Dismiss Notice
Join Physics Forums Today!
The friendliest, high quality science and math community on the planet! Everyone who loves science is here!

Input safety

  1. Jul 26, 2010 #1
    Hi,
    I am making a device with 8 INPUTs that will be connected to a long (5-25m) UTP cable running trough an elevator shaft (some interference, I imagine). Could you propose what kind of filters should I use on my inputs. The thing is, the HIGH level on these cables will be 12 to 19V but I need to convert them to TTL. I imagine some sort of voltage divider and low-pass filter. Or probably something with a transistor. I don't want to take any chances, though.
    Thanks,
    Misho
     
  2. jcsd
  3. Jul 26, 2010 #2

    berkeman

    User Avatar

    Staff: Mentor

    You should use differential signalling on the unshielded twisted pair (UTP). The easiest conversion would be to use RS-485 transceivers at the ends, and be sure to terminate each end in the Zo of the cable (probably around 100 Ohms).
     
  4. Jul 26, 2010 #3
    Thanks for your answer, berkeman.
    There is a problem, though. I guess I should have said that the communication is parallel. This does NOT depend on my device.
     
    Last edited: Jul 26, 2010
  5. Jul 26, 2010 #4

    berkeman

    User Avatar

    Staff: Mentor

    What do you mean by parallel? Are there 8 UTP cables for the 8 signals? Are you saying that you don't control the driving of the signals onto the UTP(s), but need to deal with receiving them and converting them to TTL? What is the driving source impedance and current capability? Will you be able to forward terminate the UTP(s)?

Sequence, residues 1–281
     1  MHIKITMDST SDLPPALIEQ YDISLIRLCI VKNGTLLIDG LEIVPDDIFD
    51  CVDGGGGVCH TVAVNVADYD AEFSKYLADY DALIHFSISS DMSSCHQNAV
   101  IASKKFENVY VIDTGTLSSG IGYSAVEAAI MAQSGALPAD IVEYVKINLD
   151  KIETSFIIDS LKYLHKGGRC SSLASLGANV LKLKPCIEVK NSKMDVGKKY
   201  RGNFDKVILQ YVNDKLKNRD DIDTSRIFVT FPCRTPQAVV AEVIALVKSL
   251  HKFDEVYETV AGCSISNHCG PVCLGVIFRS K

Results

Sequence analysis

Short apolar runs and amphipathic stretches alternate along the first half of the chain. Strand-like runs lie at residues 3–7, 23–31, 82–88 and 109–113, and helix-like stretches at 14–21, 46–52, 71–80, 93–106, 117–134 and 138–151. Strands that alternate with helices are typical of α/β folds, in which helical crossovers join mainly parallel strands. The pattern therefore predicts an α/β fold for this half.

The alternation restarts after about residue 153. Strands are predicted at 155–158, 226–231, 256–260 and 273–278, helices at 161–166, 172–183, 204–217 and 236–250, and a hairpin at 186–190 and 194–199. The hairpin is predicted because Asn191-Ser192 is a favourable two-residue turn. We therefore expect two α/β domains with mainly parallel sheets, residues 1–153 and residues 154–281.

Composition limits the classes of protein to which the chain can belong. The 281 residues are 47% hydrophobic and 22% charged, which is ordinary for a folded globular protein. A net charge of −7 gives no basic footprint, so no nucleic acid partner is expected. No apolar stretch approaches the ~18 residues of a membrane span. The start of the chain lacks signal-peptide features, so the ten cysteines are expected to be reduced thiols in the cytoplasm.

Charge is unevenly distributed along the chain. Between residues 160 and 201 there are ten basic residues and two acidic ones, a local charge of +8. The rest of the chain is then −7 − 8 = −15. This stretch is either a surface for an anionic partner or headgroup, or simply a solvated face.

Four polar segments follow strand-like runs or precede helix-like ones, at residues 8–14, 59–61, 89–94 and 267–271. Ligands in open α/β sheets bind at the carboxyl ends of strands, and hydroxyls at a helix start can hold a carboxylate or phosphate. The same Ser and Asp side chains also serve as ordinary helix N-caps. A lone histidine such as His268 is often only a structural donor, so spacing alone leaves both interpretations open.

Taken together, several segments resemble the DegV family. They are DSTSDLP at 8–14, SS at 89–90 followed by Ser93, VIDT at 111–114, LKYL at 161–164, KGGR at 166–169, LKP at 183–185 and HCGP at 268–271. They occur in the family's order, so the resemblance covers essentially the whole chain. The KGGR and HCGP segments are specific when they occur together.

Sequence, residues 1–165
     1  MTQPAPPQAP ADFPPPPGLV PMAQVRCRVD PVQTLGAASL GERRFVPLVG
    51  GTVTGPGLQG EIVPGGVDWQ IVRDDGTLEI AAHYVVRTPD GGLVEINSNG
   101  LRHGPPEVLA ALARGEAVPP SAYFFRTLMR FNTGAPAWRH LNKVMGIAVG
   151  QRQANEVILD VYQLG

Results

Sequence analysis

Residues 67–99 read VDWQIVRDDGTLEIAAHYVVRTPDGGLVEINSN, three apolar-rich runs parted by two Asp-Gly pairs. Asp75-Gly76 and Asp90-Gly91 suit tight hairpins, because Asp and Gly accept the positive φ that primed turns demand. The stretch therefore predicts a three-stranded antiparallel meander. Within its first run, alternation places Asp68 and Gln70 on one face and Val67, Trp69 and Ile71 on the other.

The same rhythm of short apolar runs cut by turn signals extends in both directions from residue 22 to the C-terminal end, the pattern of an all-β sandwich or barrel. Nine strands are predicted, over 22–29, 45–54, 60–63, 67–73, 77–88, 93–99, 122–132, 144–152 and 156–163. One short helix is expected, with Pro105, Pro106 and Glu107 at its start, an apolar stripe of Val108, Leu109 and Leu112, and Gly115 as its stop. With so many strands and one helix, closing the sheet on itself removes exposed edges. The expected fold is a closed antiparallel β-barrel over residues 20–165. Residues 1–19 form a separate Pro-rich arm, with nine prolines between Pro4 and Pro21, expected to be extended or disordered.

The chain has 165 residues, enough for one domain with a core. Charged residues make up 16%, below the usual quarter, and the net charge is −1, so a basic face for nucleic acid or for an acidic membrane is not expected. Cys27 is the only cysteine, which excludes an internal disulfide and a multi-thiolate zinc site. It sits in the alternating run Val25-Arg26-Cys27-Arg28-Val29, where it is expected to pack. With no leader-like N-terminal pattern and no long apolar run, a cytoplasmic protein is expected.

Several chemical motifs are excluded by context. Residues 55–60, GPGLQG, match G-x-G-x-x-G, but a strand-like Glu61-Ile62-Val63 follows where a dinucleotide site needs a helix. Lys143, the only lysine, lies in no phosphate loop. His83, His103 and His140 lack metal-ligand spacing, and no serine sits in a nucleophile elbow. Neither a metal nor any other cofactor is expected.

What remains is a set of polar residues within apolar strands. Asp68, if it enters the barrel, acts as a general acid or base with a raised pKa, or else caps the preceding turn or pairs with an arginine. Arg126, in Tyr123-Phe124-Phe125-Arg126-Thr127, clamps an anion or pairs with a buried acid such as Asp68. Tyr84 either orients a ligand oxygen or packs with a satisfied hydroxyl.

6. Jul 27, 2010 #5
    My device is an elevator display. One UTP cable has 4 twisted pairs = eight cables. every cable is connected to one of my inputs. They have a 5-bit binary number - a code for the respective symbol that should be displayed. The other tree are for the direction. There might be only one display, or there might be one at each stop. So I can't terminate the signal. I also must support different type of control boards (which output the signal) and I can't possibly know the source impedance. I must support a large diapason of characteristics.
     
  7. Jul 27, 2010 #6

    berkeman

    User Avatar

    Staff: Mentor

    What about power and ground? So you aren't using the UTP as transmission lines, just as individual conductors.... Have you built a 25m setup in your lab yet to look at what ringing does at the display?
     
  8. Jul 28, 2010 #7
    power is 19V stabilized to 5 with 7805 circuit.
    I was planning just to use my best bet on the prototype and install it on a real elevator. Since it's a digital circuit it can't be that sensitive, right?
     
  9. Jul 28, 2010 #8

    berkeman

    User Avatar

    Staff: Mentor

    The issue is ringing on the signals, caused by the uncontrolled tranmission line and inductance that the signals will see. If the rising and falling edges are slow enough, then ringing may not be a problem. If they are digital logic speed, then you will likely get enough ringing to cause data integrity issues. That's why transmission lines for sending data some distance are usually controlled impedance transmission lines, with appropriate terminations (forward-terminated, back-terminated, or doubly-terminated).
     
  10. Jul 28, 2010 #9
    They are slow.. The signal only changes when the location (or direction) of the lift changes.